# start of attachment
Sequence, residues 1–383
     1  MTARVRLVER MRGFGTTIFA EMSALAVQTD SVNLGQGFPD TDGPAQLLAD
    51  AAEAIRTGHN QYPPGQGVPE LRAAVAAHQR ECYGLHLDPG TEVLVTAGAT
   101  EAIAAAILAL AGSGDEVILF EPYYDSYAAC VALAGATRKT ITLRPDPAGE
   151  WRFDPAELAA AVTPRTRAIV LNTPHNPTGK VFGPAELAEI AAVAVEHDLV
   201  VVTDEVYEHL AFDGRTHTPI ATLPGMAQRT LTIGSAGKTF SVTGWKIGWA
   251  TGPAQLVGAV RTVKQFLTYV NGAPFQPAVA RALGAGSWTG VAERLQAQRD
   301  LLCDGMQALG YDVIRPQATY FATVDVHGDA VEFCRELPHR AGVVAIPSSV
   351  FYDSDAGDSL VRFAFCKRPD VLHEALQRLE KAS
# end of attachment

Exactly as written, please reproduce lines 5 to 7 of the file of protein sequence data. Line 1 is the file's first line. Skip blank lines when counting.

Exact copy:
   151  WRFDPAELAA AVTPRTRAIV LNTPHNPTGK VFGPAELAEI AAVAVEHDLV
   201  VVTDEVYEHL AFDGRTHTPI ATLPGMAQRT LTIGSAGKTF SVTGWKIGWA
   251  TGPAQLVGAV RTVKQFLTYV NGAPFQPAVA RALGAGSWTG VAERLQAQRD